XXX

August, 2002, Thriller

Directed by:Rob Cohen

Starring:Vin Diesel , Asia Argento , Marton Csokas , and Samuel L. Jackson

   

Is there anyone born before the death of Elvis Presley who still doubts the enormous impact of MTV on the under 25 set? If so, let them immediately go to their neighborhood multiplex and check out this summer’s current hit being pedaled at the box-office. It's the second effort by the director/star team of Rob Cohen and Vin Diesel, who surprised Hollywood last summer with a car crash epic entitled The Fast and the Furious. The stunts are more spectular here, as is the scenery; shot in Prague, XXX makes full use of that city's stunning vistas. Would that something equally encouraging could be said of the movie itself. Even Samuel Jackson presence as an exasperated federal agent can’t elevate these proceedings

It's a James Bond rip-off for the heavy-metal set and a wet-dream for the marketing department of Columbia pictures; here's a flic aimed so self-consciously at their prime movie audience, (males age 18-25) that it proudly wears its plagiarism on Disel's overly tattooed torso. He's Xander Lane, (nicknamed XXX) extreme-sports legend and all around bad dude who avoids going to jail only because Jackson’s bureaucrat (named Gibbons, no first name supplied) recruits him for a dangerous mission in the service of yet another secret government agency with a bad anagram. (In the film's sole demonstration of subtlety, Diesel comes out of Gibbons' drug induced restraint to the sound of Donovan's "Mellow Yellow") Xander is sent to the elegant capital city of the Czech Republic to thwart the egomaniacally cataclysmic ambitions of Yorgi, (no last name needed) who's using disaffected, punk-rock survivors of the former Soviet Union to spread germ warfare and thus destroy the world's governments, making the planet safe for bad haircuts, all night parties and the kind of global anarchy that only Bond-style villains seem capable of appreciating.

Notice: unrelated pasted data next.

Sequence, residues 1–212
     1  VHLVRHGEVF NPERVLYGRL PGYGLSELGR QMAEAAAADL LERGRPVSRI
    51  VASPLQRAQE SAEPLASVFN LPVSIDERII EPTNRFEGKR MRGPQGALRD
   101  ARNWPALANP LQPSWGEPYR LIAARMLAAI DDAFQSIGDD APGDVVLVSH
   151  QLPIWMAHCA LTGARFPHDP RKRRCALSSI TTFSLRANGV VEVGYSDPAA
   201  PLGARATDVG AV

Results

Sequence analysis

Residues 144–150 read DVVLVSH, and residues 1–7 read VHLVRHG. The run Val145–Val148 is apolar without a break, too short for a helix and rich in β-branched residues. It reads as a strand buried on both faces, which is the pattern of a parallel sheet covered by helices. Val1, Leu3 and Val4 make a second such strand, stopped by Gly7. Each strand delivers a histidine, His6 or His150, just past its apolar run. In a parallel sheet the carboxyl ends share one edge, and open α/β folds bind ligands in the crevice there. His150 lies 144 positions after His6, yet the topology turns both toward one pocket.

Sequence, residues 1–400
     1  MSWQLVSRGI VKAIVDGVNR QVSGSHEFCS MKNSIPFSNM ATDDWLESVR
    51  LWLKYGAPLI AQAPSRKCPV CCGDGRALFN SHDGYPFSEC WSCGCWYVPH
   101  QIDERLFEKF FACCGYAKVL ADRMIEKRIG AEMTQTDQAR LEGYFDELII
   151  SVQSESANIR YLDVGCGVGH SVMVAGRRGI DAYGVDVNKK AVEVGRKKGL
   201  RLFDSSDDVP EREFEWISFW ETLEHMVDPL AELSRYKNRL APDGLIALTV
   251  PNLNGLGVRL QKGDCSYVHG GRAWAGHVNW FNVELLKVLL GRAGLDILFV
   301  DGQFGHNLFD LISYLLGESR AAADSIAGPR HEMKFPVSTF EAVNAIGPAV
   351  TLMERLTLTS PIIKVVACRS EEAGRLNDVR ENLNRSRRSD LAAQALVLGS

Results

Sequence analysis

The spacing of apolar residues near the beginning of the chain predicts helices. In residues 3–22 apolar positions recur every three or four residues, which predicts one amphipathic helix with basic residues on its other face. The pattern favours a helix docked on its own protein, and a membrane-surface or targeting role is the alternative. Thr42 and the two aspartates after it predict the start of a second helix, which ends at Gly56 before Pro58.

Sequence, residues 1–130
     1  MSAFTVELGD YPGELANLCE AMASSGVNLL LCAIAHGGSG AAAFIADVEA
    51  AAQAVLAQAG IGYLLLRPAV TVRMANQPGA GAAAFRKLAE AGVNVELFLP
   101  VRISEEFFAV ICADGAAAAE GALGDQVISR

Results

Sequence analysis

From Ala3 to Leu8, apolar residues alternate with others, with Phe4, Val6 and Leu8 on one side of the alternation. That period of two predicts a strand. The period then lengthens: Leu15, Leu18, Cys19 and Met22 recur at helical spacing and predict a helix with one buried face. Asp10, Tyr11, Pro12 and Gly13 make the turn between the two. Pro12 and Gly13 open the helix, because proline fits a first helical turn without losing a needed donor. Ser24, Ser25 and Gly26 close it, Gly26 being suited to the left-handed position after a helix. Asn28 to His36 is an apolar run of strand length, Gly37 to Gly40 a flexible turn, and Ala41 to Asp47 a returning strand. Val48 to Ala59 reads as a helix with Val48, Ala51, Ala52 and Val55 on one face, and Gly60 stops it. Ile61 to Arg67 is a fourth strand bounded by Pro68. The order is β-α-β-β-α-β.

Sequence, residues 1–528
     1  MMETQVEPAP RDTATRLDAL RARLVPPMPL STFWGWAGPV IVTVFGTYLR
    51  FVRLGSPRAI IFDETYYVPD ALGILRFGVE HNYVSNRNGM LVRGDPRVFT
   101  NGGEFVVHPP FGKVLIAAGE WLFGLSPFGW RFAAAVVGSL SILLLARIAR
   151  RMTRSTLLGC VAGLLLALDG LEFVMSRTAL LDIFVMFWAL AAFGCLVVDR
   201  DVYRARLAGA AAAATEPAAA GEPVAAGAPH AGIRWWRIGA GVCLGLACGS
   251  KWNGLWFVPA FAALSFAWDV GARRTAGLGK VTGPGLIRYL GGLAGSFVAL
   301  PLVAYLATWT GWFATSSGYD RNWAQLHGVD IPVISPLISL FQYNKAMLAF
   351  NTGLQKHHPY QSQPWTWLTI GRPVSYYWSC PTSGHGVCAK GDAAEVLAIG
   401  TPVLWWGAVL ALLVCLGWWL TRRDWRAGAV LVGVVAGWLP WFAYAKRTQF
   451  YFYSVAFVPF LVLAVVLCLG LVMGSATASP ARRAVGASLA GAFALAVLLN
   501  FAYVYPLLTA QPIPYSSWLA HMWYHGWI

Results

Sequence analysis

Diesel's character is actually a fairly sly and affectionate nod to 007; gadgets, gorgeous women and fast cars abound, but Xander's about as subtle as blast furnace, and his body, (which resembles large sections of dressed elk meat) is a far cry from the sleek image presented by Pierce Brosnan or Sean Connery in their elegant tuxedos. To add insult to injury, Xander's serenely clueless on geopolitical issues; he's in life's adventures for himself, and shrewdly observes only those things that advance his own agenda. He manages to worm his way into Yorgi's inner circle with blinding speed and after a series of exciting but absurd action sequences soon makes off with the latter’s girl, ignoring Gibbons' protestations along the way. (As Gibbons, Jackson sports a set of disfiguring facial scars that make him look like a Klingon extra who's wandered off the set of a Star Trek movie). 

          Inevitably, Xander single-handedly saves the entire city of Prague from Yorgi's weapon of mass destruction before going to the South Seas with the villain's former girlfriend where he's harassed by Gibbons, who ends this overly long action-orgy with an urgent request to return to Washington for XXX's next assignment….

          Does XXX really have a future? I'd bet a lot of money on that; Cohen traded in a promising carrier as producer, (Witches of Eastwick, Ironweed etc) and director, (Dragonheart ) for this highly successful metamorphosis into gung-ho action supplier to the youth market. His knack for generating advance publicity for his lobotomized Bond, coupled with a very "now" sound track and dazzling pyrotechnical special effects should have the acne 'n action crowd lining up for the next installment as soon as it's announced. But in a summer that has produced so few decent action films, this one looks and plays better than it should.    

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